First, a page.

What happens if a related ligand binds to a binding site?

What happens if a related ligand binds to a binding site?

In protein-ligand binding, the ligand is usually a molecule which produces a signal by binding to a site on a target protein. The binding typically results in a change of conformational isomerism (conformation) of the target protein.

What is a ligand binding site?

In biochemistry and molecular biology, a binding site is a region on a macromolecule such as a protein that binds to another molecule with specificity. The binding partner of the macromolecule is often referred to as a ligand.

How does a ligand binding to a channel cause a cellular response?

When a ligand binds to the extracellular domain, a signal is transferred through the membrane, activating the enzyme. Activation of the enzyme sets off a chain of events within the cell that eventually leads to a response.

What does the binding site do?

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What happens to the ion channel when the ligand attaches to the ligand binding site?

When a ligand binds to the extracellular region of the channel, there is a conformational change in the protein’s structure that allows ions such as sodium, calcium, magnesium, and hydrogen to pass through. G-protein-linked receptors bind a ligand and activate a membrane protein called a G-protein.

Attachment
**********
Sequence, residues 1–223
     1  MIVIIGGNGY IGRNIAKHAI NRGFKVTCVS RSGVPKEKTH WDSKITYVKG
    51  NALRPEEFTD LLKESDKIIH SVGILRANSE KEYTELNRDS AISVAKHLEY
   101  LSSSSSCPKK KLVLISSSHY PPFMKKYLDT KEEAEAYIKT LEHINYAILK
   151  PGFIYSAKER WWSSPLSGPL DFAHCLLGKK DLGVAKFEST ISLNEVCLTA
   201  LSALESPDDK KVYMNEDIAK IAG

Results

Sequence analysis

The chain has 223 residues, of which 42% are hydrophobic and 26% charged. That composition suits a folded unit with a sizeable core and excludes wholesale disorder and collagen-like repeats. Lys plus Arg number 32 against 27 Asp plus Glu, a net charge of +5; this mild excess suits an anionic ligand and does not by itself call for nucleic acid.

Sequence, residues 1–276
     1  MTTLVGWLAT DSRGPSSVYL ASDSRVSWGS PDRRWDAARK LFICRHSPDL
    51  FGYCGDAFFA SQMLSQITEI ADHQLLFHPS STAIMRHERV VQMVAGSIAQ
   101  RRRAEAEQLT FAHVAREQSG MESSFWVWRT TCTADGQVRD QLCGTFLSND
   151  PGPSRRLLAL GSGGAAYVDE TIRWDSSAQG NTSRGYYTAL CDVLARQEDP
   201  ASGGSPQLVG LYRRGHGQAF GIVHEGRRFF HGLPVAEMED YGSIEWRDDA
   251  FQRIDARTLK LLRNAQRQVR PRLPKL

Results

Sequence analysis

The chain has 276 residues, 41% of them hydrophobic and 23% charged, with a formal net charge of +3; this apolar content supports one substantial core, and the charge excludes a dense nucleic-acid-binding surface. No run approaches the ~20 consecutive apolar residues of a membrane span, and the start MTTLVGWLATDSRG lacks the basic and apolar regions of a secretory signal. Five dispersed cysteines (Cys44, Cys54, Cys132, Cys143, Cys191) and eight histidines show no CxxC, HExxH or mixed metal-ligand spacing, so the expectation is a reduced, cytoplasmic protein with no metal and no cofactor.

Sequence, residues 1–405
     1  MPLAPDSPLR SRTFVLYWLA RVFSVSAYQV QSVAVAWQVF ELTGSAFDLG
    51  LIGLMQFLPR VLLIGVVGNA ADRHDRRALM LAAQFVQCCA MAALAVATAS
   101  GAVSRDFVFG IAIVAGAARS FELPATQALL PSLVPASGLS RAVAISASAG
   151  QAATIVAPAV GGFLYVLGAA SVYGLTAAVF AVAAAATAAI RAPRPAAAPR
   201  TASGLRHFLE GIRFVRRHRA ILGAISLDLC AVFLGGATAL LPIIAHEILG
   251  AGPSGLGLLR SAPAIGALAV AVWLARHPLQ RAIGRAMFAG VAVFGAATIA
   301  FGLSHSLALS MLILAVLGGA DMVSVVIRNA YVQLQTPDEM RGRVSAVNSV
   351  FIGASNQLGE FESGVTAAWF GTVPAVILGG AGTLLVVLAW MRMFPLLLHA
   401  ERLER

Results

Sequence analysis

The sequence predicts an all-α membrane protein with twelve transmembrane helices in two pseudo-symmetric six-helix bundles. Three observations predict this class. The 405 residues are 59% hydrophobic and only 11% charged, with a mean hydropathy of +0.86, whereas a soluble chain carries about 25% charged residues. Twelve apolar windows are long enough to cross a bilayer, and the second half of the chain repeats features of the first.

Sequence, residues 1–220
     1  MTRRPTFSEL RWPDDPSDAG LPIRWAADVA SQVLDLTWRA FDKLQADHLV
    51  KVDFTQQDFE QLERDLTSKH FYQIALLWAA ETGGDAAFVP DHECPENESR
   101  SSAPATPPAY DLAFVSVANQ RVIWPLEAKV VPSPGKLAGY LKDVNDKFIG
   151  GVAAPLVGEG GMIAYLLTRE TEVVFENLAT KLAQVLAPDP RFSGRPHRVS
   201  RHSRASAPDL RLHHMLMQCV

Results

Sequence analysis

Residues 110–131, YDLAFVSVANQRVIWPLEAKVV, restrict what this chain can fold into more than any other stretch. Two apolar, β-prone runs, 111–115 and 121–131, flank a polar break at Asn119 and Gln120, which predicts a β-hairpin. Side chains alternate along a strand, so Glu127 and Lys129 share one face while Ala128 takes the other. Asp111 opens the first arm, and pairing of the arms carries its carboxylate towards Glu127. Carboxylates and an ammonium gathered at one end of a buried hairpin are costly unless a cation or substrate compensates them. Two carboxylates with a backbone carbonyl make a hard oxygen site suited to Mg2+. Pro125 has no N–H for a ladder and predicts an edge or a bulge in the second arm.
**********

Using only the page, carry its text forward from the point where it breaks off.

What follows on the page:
What binds to a binding site?

A binding site is a position on a protein that binds to an incoming molecule that is smaller in size comparatively, called ligand. In proteins, binding sites are small pockets on the tertiary structure where ligands bind to it using weak forces (non-covalent bonding).

What are binding sites on enzymes?

The binding site on enzymes is often referred to as the active site because it contains amino acids that both bind the substrate and aid in its conversion to product. You can often recognize that a protein is an enzyme by its name. Many enzyme names end with –ase.

What is ligand mediated dimerization?

Recent structural studies reveal the molecular basis for ligand binding specificity and how ligand binding induces receptor dimerization. Receptor dimerization is mediated by receptor-receptor interactions in which a loop protruding from neighboring receptors mediates receptor dimerization and activation.

What causes dimerization?

Molecular dimers are often formed by the reaction of two identical compounds e.g.: 2A → A-A. In this example, monomer “A” is said to dimerise to give the dimer “A-A”. An example is a diaminocarbene, which dimerise to give a tetraaminoethylene: 2 C(NR2)2 → (R2N)2C=C(NR2)

Where does the ligand bind on the receptor?

The ligand crosses the plasma membrane and binds to the receptor in the cytoplasm. The receptor then moves to the nucleus, where it binds DNA to regulate transcription.